Today’s Courier Herald Column:
Republicans spent their first week back in Washington after Thanksgiving break battling each other as much as taking on Democrats. The ideological circular firing squad that is customary after losing a national election has spread to the House and Senate. The path to fixing our deficit and tax policy has been largely conceded to some increase in federal revenues. But how much of that revenue constitutes a “tax increase” has ignited a now too familiar debate. At the center, as always, is American’s for Tax Reform’s Grover Norquist.
Georgia’s own Saxby Chambliss ignited this round by telling Macon’s WMAZ that he cared more about the country than a 20 year old pledge” on the day before Thanksgiving. While subsequent comments had the Senator walking back his statement, many other Republicans – especially members that identify with the TEA Party, have already moved into customary apoplexy and have determined that the upcoming budget deal will be a failure for movement conservatives.
Members of Georgia’s House delegation were quizzed this week by the Atlanta Journal-Constitution’s Daniel Malloy. All from the house side who have signed the pledge swore their continued loyalty to it. The only Republican who didn’t, Freshman Congressman Rob Woodall told Malloy that he didn’t sign the pledge because he was afraid that it would limit his ability to pass a national sales tax to replace the income tax code, commonly called the FairTax, but he also “insisted” to Malloy that he would never vote for a tax increase. Woodall’s statement illustrates the underlying problem with ATR’s pledge.
The ATR pledge is simple on its surface. Those that sign pledge to their constituents that they won’t vote to raise marginal tax rates nor vote for elimination of deductions or credits that aren’t matched by corresponding rate cuts. The implementation, however, has generally relied on Norquist issuing a pronouncement of what does or doesn’t constitute a tax increase.
Woodall’s statement of concern is not without basis. When Georgia’s legislature attempted broad tax reform in 2011, Norquist wasn’t consulted, and determined the plan was a tax increase. Those that met with him during follow on negotiations weren’t quiet about their feelings for him during those meetings, with many feeling his objection was more about not being consulted on the front end rather than a distinct opposition to the proposal.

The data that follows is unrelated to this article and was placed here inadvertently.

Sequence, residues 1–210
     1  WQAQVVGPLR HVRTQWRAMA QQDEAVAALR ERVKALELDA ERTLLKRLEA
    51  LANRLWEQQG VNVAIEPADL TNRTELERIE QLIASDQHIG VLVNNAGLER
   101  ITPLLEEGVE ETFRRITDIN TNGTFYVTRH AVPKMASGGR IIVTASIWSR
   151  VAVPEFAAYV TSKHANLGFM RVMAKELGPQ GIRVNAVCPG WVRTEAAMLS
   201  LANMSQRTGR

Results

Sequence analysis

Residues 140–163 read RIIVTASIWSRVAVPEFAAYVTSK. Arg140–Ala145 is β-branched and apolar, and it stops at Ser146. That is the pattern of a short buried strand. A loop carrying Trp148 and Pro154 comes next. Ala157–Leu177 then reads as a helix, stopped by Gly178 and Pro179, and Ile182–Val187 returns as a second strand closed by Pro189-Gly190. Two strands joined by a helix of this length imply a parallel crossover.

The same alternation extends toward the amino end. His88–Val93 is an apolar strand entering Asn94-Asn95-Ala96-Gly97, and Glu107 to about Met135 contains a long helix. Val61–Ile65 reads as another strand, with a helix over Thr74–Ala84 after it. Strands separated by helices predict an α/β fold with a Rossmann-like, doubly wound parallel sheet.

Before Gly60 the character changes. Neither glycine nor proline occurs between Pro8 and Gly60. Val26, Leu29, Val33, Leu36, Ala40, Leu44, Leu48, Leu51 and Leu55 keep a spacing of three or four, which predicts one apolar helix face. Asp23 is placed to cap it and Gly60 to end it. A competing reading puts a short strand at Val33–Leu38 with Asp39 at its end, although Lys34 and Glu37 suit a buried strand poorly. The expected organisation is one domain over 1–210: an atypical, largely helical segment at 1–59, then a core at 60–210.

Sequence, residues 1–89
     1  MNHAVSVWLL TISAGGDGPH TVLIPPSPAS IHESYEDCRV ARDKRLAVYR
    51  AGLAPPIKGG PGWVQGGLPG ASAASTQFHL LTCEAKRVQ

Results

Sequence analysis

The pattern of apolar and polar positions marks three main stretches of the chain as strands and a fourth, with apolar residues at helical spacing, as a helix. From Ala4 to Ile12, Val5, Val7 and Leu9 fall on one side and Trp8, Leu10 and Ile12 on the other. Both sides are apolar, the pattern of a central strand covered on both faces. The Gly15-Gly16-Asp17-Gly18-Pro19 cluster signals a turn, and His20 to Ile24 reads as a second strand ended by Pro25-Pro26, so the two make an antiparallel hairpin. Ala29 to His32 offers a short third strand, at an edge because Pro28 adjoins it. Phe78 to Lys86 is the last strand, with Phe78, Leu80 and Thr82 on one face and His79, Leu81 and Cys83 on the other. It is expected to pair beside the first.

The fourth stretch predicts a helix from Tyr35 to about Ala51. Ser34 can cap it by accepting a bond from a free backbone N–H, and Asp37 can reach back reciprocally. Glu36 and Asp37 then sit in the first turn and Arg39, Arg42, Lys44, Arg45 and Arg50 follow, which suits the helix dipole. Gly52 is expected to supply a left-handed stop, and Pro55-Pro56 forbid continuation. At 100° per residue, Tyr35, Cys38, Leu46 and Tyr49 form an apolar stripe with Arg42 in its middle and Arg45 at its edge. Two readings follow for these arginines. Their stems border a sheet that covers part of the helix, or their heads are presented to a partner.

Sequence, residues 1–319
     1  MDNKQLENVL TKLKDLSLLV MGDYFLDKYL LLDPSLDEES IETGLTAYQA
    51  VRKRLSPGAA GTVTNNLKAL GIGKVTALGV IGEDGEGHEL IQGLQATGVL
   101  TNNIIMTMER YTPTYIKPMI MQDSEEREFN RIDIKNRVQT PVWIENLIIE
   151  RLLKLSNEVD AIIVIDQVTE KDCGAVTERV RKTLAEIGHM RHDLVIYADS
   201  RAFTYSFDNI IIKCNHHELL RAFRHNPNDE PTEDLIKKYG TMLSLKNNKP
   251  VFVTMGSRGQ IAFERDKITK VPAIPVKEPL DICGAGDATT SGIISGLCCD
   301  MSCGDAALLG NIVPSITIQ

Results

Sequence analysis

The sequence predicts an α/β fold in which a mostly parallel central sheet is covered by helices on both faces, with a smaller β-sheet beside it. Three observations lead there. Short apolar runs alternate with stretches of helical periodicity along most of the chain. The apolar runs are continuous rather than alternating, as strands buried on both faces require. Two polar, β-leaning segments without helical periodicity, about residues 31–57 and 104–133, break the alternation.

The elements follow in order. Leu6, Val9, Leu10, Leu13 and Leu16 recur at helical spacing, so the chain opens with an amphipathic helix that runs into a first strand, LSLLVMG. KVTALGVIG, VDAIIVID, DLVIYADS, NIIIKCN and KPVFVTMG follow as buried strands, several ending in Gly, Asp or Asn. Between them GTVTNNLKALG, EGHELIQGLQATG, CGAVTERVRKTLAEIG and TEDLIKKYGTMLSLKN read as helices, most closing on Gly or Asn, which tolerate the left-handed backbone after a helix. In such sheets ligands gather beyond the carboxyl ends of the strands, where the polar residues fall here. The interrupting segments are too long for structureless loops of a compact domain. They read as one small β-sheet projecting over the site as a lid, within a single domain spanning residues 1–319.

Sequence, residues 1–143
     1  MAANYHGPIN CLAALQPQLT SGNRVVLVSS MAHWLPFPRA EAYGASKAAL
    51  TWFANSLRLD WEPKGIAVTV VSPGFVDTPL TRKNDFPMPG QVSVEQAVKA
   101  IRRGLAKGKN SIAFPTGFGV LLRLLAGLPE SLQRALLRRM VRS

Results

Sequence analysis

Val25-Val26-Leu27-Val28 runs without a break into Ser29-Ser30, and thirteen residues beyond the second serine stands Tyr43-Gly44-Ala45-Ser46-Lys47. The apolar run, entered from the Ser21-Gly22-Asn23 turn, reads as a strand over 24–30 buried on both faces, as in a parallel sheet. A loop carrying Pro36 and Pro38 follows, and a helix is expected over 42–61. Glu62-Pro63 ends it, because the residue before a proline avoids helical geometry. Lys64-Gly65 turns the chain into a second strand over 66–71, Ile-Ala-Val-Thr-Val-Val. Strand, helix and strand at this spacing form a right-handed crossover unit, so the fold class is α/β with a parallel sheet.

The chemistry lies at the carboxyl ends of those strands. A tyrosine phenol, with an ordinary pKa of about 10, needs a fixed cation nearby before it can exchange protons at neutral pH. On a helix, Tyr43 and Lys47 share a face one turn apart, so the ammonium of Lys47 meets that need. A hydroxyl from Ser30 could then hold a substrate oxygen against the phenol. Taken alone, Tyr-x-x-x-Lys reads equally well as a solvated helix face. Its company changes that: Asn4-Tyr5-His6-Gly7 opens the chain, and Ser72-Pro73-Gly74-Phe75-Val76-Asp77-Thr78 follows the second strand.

In June of 2011, Norquist went so far as to tell Republicans in the US Senate that they couldn’t eliminate subsidies for ethanol because that would constitute a tax increase. His definitions appear to be more fluid as time goes on, thus ensuring he must be privy to any details, up front, before major changes can be made.
In Malloy’s report, Norquist is quoted as saying the following, “I have job security that most people don’t have…At least the marijuana-legalization people could end up out of a job in a couple years if they win. But we’re always going to feel that our taxes are too high.”
And within that quote is a perhaps larger problem for Republicans than Norquist’s own ego. The battle is no longer over statistics or economic data. It’s about feelings.
Arthur Laffer was the economic guru that convinced Republicans and eventually a majority of Americans that marginal tax rates in 1980 were too high. He argued that there was a point that taxes could be lowered that would increase overall revenue, and marginal tax rates were significantly cut. Conceptually this can be proven to be true, but where these numbers fall is difficult to prove.
Yet to accept Laffer’s concept, we also have to accept the fact that when you move to the left side of the Laffer curve, reducing tax rates also reduces revenue. This is central to the concept, equally provable as the increase in revenue on the right side of the curve.
Too many Republicans have “learned” the lesson of Reaganomics is that “every time we cut taxes we raise revenues.” It’s often stated by candidates as unquestionable dogma. It is, unfortunately, not true.
Republicans like to point out the Democrats who have said it doesn’t matter that raising marginal tax rates on the highest income earners won’t raise revenue don’t mind because they claim it’s about fairness. We’ve now countered by anointing a leader who admits it’s about feelings.
Republicans claim they want fundamental tax reform, but the FairTax’s leading champion worries that the ATR pledge will keep that from happening. And likely, it will. Because Republicans continue to cede power to a man who preys upon feelings to stroke his own ego and secure his unelected position of power.